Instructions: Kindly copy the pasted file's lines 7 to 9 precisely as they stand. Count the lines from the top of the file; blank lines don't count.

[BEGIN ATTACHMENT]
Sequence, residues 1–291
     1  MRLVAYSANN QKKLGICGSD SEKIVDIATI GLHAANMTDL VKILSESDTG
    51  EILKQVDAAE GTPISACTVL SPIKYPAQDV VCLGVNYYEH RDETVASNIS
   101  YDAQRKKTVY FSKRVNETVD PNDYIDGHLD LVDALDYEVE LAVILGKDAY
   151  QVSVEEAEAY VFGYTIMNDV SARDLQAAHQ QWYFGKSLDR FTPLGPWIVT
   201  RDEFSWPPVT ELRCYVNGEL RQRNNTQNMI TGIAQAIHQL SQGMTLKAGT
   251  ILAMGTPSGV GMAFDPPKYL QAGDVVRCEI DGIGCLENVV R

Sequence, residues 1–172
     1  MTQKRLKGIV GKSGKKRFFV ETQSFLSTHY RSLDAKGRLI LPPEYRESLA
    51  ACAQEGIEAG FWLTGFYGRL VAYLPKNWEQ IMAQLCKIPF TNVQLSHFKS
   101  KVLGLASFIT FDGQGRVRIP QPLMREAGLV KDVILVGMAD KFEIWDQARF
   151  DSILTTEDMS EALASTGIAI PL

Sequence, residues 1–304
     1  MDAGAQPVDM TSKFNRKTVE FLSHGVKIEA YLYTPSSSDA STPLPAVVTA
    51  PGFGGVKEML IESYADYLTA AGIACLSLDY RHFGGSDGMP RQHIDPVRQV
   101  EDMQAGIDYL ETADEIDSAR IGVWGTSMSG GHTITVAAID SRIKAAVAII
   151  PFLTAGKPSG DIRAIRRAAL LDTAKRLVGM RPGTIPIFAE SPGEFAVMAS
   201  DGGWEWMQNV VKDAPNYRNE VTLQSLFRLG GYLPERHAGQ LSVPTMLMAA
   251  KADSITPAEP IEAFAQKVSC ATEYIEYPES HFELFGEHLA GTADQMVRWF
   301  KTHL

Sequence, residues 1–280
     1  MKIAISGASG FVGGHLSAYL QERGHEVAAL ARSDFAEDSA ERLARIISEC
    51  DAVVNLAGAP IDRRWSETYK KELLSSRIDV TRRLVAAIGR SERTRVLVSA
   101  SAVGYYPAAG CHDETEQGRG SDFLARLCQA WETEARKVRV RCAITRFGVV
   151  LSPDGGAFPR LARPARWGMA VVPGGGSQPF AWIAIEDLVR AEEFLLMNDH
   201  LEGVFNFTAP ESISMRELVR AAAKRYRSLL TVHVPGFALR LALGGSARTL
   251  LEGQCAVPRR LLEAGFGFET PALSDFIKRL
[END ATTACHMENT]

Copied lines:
   251  ILAMGTPSGV GMAFDPPKYL QAGDVVRCEI DGIGCLENVV R

Sequence, residues 1–172
     1  MTQKRLKGIV GKSGKKRFFV ETQSFLSTHY RSLDAKGRLI LPPEYRESLA